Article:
Trump administration has its 'eyes wide open' on whether to trust North Korea: Secretary of State Pompeo
The goal is "complete, verifiable, irreversible denuclearization" Pompeo said.
Secretary of State Mike Pompeo said the Trump administration has its "eyes wide open" on whether to trust North Korea in any negotiations to end the country's nuclear program.
Pompeo was responding to a question from ABC News Chief White House Correspondent Jonathan Karl on "This Week" Sunday in an exclusive first interview of the new secretary of state.
“Can you really trust anything that comes out of a meeting with Kim Jong Un?” Karl asked.
Pompeo responded, “This administration has its eyes wide open. We know the history. We know the risks. ... We’re going to negotiate in a different way than has been done before."
"We’re not going to make promises," added Pompeo, who was sworn in as the top U.S. diplomat on Thursday. "We’re not going to take words. We’re going to look for actions and deeds.”
Pompeo met with Kim over Easter weekend to lay the groundwork for President Donald Trump's planned summit with the North Korean leader, to be held in May or early June.
Asked by Karl on Sunday whether he believes Kim is ready to give up "the pride of that country right now -- their nuclear program," Pompeo said the North Korean leader "has a decision to make."
"Kim Jong Un is going to have to make a decision," Pompeo said. "Does he want the pressure campaign [against his country] to continue? ... Or is he looking for something big and bold and different, something that hasn’t happened before?"
"I don't know which way it will go," the secretary of state continued. "As the president has said, only time will tell. But we have ... an obligation to engage in diplomatic discourse to try and find a peaceful solution so that Americans aren’t held at risk by Kim Jong Un and his nuclear arsenal."
The Trump administration wants "complete, verifiable, irreversible denuclearization" with North Korea, Pompeo said.
The secretary of state -- who is now on a diplomatic trip to the Middle East with stops in Saudi Arabia, Israel, and Jordan -- said that in his recent visit to Pyongyang he and Kim had a "good conversation" and that Kim is "prepared to... lay out a map that will help us achieve that objective."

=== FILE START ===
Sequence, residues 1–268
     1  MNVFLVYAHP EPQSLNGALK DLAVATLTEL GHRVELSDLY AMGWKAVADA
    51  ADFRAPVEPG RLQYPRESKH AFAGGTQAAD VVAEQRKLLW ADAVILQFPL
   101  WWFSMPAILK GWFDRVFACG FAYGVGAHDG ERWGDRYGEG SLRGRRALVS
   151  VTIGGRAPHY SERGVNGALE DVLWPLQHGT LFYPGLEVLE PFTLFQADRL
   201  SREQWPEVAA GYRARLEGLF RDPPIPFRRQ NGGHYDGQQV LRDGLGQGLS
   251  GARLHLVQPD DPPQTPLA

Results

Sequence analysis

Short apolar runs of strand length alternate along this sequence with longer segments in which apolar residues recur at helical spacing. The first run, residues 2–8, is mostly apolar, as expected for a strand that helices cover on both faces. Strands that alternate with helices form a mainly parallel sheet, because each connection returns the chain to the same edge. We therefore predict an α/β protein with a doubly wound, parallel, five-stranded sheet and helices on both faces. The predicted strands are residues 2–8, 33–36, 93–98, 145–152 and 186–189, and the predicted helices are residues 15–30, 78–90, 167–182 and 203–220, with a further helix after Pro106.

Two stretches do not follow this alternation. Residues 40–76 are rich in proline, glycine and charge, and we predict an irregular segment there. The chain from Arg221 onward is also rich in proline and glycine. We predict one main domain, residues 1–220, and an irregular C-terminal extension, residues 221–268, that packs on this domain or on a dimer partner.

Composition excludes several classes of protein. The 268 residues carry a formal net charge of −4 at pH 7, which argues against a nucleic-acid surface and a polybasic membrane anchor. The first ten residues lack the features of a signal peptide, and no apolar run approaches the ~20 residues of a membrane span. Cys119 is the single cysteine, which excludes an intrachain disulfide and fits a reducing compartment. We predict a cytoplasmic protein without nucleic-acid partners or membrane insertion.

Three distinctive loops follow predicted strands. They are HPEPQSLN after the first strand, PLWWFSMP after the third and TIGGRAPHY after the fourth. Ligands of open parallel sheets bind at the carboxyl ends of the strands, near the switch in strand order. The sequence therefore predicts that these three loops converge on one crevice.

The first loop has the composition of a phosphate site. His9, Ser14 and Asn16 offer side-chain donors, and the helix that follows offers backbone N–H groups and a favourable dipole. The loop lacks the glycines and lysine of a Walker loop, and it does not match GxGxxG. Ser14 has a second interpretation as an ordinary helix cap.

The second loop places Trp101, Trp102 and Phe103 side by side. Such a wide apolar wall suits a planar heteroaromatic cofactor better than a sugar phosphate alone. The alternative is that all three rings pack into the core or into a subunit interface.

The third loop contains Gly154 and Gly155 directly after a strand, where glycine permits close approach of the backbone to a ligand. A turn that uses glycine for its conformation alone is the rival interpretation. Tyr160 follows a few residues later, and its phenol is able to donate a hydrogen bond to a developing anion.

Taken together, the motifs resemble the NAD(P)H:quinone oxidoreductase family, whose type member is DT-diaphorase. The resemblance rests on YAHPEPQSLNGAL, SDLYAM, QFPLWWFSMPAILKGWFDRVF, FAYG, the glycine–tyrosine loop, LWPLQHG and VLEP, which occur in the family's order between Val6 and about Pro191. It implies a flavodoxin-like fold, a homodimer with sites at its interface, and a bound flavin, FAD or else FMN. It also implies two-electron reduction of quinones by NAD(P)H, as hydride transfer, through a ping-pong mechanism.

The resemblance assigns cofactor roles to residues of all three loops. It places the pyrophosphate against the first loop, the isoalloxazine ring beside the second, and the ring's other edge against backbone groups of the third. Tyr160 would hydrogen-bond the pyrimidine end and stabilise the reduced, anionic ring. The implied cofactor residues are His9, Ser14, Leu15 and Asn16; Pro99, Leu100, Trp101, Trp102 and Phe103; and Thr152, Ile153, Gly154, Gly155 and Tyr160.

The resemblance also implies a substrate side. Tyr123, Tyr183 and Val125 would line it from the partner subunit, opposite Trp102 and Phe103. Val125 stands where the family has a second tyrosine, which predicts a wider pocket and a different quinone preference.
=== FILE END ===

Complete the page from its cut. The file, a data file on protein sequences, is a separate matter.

"He was very well prepared. I hope I matched that. We had an extensive conversation on the hardest issues that face our two countries," Pompeo said. "I had a clear mission statement from President Trump. When I left, Kim Jong Un understood the mission exactly as I described it today."
Asked what he learned about Kim in the meeting, Pompeo said, “Anytime you get the chance to meet face to face with someone, you get a better read about what they’re thinking, whether they’re really prepared to do something that is historic and different ... My goal was to try and identify if there was a real opportunity there. I believe there is.”
President Trump said in an interview with Fox News on Thursday, “He wasn’t supposed to meet with Kim Jong Un, but he did.”
Asked by Karl on "This Week" how the meeting with the North Korean leader came about, Pompeo said, “I was there on a mission. I was aiming to achieve the goals that the president set forward to me. It became clear that I was going to get the chance to meet with Kim Jong Un to discuss some of the details. But most importantly, to take a read on whether there was an opportunity here for our two countries to achieve this."
“If diplomacy fails on this, is there a military option?” Karl asked.
“The president has been very clear, Jonathan. We’re not going to allow Kim Jong Un to continue to threaten America,” Pompeo said.